On the Trail
[ ] Rest when the rain stops. Forget your schedule; in extended bad weather, take advantage of dry spells to eat.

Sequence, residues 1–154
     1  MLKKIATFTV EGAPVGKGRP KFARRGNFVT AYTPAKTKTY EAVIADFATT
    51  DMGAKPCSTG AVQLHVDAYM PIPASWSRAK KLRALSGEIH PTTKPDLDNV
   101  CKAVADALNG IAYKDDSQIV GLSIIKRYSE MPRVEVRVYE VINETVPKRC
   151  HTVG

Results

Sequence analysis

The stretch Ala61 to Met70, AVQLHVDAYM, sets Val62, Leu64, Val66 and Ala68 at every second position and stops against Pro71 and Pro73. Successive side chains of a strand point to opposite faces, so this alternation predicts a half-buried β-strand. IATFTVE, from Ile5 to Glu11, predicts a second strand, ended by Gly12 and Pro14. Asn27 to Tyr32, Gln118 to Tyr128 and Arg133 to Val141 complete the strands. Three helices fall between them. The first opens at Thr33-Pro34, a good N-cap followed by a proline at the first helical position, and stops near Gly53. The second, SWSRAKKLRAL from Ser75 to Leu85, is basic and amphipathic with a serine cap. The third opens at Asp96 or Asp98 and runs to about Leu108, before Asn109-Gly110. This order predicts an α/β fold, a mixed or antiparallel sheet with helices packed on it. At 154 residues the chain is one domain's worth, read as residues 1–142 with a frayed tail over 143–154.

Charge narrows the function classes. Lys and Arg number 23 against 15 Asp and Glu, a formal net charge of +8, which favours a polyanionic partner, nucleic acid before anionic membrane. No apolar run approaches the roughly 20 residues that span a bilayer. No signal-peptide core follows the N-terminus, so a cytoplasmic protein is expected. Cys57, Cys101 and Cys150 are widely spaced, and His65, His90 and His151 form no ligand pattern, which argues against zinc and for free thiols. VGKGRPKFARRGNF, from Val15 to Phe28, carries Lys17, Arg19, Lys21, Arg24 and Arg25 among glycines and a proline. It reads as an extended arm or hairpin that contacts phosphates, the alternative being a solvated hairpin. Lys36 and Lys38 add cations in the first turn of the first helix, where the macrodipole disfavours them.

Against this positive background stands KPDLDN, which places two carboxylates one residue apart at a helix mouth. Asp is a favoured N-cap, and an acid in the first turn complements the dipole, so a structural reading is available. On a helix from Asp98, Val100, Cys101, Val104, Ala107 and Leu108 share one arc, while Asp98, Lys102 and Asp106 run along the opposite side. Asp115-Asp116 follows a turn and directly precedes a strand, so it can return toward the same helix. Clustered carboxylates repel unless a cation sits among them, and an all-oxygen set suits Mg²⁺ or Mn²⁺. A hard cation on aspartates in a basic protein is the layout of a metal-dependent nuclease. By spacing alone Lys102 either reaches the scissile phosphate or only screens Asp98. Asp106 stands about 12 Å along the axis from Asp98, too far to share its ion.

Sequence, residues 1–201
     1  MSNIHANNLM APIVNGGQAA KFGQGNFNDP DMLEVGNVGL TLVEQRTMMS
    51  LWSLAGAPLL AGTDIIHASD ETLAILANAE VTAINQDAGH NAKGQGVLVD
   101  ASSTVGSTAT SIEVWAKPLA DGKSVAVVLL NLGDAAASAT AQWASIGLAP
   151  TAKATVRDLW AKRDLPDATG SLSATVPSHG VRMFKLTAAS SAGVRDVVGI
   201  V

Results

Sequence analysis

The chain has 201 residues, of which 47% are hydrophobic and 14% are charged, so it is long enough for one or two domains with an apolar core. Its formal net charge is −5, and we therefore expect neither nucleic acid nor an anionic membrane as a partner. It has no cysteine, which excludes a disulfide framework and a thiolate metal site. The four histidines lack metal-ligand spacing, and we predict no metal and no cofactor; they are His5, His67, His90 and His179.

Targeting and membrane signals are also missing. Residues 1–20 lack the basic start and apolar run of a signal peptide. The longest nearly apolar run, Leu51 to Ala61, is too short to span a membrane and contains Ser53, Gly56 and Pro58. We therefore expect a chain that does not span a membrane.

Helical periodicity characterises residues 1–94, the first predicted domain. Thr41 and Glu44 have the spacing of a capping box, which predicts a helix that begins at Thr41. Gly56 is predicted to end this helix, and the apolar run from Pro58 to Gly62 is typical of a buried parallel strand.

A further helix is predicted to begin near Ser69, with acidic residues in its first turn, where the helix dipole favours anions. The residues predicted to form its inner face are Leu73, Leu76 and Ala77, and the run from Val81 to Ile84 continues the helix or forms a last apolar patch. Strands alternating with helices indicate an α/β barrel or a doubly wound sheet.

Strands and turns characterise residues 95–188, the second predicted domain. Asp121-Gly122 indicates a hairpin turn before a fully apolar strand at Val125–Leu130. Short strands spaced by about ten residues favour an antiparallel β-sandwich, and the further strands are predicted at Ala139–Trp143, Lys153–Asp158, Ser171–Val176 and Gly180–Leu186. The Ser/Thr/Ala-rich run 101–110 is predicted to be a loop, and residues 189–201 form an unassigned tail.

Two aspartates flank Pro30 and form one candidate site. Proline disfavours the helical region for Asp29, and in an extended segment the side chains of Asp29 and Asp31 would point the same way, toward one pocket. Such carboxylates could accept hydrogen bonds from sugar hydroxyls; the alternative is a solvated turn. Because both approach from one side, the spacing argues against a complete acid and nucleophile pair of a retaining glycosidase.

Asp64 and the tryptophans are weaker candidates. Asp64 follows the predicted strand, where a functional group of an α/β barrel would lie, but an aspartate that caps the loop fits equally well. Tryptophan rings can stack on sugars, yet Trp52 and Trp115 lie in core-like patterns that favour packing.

[ ] Choose a double-wall tent (best at reducing condensation) with at least one large vestibule. [ ] Make sure seams are taped, and seam-seal any that show wear. Check for UV damage to your tent fly, says Rogers, by trying to suck air through it. If you can, replace it. [ ] Avoid pitching your tent in a depression or where water might collect. Even if your tent floor doesn’t leak, the floorless vestibule will be over a puddle. Also: Keep the inner tent dry by pitching it in a sheltered area without staking it, then drape the fly over and move the tent as needed to level ground. [ ] Tighten sagging rainflies; you want a taut pitch that separates fly and tent, which increases air circulation and reduces condensation. Use an adjustable trucker’s hitch so you can easily retighten guylines (page 46). And pack gear you leave in the tent in waterproof stuffsacks, if you won’t be there to protect it. [ ] If you must cook in your vestibule, ventilate it well. [ ] Rogers warms up with Super Cocoa: 4 tablespoons cocoa; 2 tablespoons each of powdered milk, brown sugar, and peanut butter; and 1 ounce of cheese. Add hot water to taste.